To date I’ve discussed several statements made by Dr. Thomas DiLorenzo in a 2008 interview with Brian Lamb on C-SPAN. To me, one of the most interesting characteristics of the interview is that both Lamb and DiLorenzo strayed often from the subject of DiLorenzo on Lincoln and entered the world of DiLorenzo and Lincoln scholarship. Dr. DiLorenzo doesn’t think too much of most Lincoln scholars: he even denies that they are real scholars, with the exception of the late David Herbert Donald. Sometimes he names names, sometimes he does not.
Over the years Brian Lamb has taken an interest in squabbles among scholars, even as he appears to find them distasteful. I’d say that’s also true of his audience. I find it more interesting that DiLorenzo took this opportunity to talk more about Lincoln scholarship and scholars than about his understanding of Lincoln. And, as we’ll see over the next several days, his sense of grievance runs deep.
LAMB: Who attacks you?
DILORENZO: Well, I’ve had quite a few debates with the academics who have had careers in sort of deifying Lincoln in their writings. And so, I’m an economist and I’m used to a lot of back and forth debates and criticisms. For 20 years before I wrote the Lincoln book, I was an economics professor and I would go to meetings, academic meetings and that’s what we do, we criticize each other, and it’s usually constructive criticism. It’s not just show boating or trying to attack somebody.
But then I found that this part of the history profession when it comes to Lincoln you can criticize. Thomas Jefferson, Bill Clinton, George W. Bush, Franklin Roosevelt, but you can’t criticize Lincoln, apparently, in the history profession. And I thought that was very unscholarly and unprofessional and close minded of a sort of an attitude on the part of some segments of the history profession, which is a big part of the history profession. And so I see no reason why you can’t take a look at Lincoln just was you’d look at any other president and look at the good and the bad as far as that’s concerned.
And there’s plenty of bad. You know, Lincoln’s suspension of habeas corpus and the mass arrest of tens of thousands of northern civilians and his shutting down of hundreds of opposition newspapers. These are things that most Americans never heard of. I’ve given public speeches about this. People are dumbfounded. They accuse me of being a liar because they were never taught this in school. And, of course, it’s all documented, it’s not a secret. But it’s just one of these things that the historians know about all of this, but the average American doesn’t seem to know unless he reads my books, I guess, and the books of a few others.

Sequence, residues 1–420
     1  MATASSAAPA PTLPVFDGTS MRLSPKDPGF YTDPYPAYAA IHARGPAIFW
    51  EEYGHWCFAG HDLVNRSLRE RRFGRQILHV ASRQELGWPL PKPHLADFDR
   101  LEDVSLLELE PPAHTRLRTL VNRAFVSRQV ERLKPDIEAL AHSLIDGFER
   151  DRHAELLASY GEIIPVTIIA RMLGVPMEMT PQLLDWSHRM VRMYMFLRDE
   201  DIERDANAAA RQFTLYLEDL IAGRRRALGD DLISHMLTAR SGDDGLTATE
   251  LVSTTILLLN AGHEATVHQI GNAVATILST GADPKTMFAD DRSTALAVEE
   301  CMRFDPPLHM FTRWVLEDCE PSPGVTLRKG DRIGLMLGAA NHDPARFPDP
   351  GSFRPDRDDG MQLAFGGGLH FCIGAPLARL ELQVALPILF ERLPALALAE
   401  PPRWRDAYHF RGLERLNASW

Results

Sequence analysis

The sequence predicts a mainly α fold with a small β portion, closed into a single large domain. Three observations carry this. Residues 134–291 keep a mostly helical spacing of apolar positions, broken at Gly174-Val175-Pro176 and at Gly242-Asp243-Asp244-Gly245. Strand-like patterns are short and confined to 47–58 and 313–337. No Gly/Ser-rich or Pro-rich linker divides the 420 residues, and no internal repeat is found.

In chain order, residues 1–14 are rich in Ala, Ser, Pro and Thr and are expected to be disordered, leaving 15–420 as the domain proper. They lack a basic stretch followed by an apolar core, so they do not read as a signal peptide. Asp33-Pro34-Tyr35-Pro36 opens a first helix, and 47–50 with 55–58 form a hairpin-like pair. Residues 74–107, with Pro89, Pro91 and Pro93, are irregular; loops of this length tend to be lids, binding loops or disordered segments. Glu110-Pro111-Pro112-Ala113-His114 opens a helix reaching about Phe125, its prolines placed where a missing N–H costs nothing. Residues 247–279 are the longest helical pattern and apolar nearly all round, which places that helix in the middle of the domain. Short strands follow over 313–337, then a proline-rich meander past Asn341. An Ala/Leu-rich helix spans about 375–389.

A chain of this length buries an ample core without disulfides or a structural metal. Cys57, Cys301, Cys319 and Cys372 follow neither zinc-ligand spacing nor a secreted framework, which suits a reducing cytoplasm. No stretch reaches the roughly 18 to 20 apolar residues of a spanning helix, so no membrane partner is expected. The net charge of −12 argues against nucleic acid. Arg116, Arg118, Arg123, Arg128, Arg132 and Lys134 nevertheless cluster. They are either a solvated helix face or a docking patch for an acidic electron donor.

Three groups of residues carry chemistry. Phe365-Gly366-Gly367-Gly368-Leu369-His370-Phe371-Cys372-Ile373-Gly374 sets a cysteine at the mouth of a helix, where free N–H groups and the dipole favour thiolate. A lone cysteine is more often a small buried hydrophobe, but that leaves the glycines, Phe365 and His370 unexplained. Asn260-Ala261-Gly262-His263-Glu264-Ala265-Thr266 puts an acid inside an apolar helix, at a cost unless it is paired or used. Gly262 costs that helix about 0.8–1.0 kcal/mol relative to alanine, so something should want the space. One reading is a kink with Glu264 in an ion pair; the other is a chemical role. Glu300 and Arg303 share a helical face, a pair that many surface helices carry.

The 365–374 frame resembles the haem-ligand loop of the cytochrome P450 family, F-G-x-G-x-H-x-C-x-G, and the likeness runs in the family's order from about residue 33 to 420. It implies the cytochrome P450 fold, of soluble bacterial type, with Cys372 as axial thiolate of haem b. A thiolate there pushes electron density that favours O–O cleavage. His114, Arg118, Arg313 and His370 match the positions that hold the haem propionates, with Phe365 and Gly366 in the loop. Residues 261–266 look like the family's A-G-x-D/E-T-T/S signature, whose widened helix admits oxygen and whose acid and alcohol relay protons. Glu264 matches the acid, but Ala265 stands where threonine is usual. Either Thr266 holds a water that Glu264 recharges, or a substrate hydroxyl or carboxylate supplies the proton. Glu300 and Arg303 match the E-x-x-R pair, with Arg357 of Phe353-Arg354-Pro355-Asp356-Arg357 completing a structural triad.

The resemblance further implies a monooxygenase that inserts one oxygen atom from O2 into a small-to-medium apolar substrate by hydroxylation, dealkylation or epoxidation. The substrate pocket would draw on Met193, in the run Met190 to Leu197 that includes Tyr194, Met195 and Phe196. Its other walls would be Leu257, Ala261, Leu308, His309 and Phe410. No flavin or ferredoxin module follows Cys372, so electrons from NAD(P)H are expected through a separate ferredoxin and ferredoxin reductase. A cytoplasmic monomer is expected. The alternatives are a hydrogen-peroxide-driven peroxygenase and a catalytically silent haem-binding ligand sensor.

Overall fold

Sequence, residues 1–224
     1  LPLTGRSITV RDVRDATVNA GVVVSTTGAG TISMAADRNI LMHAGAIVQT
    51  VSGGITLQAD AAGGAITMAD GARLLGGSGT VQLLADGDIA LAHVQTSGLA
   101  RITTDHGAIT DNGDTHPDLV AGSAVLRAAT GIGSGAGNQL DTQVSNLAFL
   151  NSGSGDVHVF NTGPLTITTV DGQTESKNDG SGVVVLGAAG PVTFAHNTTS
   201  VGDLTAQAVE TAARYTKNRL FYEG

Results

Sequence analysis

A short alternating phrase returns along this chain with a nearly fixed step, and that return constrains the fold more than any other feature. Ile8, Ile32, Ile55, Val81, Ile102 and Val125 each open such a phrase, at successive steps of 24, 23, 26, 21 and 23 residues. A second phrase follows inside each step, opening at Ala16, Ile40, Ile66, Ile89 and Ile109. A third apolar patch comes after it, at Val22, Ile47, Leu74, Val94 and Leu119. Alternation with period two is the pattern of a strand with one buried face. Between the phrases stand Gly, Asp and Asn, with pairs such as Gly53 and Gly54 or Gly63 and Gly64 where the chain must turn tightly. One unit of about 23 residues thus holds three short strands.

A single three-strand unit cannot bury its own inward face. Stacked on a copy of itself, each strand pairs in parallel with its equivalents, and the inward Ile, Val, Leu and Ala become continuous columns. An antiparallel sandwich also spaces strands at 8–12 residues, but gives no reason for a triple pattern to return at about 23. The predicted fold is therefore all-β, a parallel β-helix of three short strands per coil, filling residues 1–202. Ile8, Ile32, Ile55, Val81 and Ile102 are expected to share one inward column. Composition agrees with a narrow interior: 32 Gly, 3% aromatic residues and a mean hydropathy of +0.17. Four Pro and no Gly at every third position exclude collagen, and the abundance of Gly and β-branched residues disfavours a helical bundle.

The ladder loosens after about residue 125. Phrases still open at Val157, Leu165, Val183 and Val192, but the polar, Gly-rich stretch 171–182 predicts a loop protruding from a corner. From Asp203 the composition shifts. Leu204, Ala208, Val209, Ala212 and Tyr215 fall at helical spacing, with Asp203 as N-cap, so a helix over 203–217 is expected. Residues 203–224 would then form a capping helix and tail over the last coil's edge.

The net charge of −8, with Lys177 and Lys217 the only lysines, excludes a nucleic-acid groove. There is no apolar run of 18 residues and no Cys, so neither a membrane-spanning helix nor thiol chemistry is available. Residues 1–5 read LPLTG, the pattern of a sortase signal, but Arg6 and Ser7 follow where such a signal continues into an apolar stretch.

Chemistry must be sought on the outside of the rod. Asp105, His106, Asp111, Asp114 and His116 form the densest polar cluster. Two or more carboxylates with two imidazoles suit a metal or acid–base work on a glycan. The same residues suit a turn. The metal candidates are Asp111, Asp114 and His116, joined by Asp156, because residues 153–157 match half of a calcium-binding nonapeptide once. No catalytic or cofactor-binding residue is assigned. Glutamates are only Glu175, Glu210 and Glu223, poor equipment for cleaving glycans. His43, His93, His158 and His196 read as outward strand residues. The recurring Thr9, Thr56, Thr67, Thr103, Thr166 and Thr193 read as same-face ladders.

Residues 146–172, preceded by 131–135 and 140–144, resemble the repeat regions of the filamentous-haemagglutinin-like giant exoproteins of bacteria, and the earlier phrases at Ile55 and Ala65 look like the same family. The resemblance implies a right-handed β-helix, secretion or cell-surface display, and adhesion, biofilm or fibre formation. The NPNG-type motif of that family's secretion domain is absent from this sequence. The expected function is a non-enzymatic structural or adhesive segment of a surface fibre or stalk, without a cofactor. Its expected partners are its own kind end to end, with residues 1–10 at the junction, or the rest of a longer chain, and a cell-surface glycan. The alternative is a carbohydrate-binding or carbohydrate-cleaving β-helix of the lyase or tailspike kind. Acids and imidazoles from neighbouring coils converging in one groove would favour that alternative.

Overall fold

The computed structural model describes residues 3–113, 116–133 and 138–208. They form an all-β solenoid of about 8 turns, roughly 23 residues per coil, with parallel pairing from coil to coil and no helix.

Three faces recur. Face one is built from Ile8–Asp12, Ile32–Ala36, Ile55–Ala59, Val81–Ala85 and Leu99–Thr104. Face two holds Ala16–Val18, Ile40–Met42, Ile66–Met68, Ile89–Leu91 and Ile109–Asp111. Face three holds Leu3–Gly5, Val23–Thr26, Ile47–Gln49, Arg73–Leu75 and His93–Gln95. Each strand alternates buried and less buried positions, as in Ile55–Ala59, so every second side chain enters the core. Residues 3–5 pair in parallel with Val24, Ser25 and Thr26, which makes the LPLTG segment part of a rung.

Crossroads Comments: I find this hard to believe as an accurate or dispassionate description of either discipline. I’ve seen economists argue with each other, and it isn’t nice. And I’ve seen Thomas DiLorenzo argue, and he’s pretty good at engaging in the back-and-forth exchanges he claims to deplore (are you going to tell me that he learned none of this from his interaction with fellow economists? Then perhaps his contentiousness comes naturally). You’ll see more of that in the days to come.
Lincoln scholars often debate back and forth about all sorts of issues, and many of them are critical of their subject. I’ve been critical of some of Lincoln’s actions as commander-in-chief, and I’ve long held him responsible for the selection of Andrew Johnson as his running mate, a decision that had serious consequences for the republic (the idea that such a crafty and subtle politician as Lincoln was helpless when it came to Johnson’s selection as his running mate strikes me as ludicrous, and he had already indicated prior to the convention that Johnson was an acceptable choice). Other historians, including Ira Berlin and Barbara Fields, have been critical of the credit given Lincoln as the Great Emancipator. So I am at a loss as to how to respond to such an inaccurate characterization of professional historians. It’s an accusation without merit.
That DiLorenzo seems not to have read Mark Neely’s book on Lincoln and civil liberties seems apparent, because you would think that if he had, he’d take specific issue with it, much as he names other historians with whom he disagrees. Otherwise one would have to conclude that he’s deliberately concealing contrary views by capable scholars in his characterization of the field of Lincoln scholarship. That would be very unscholarly and unprofessional and close minded, now, wouldn’t it?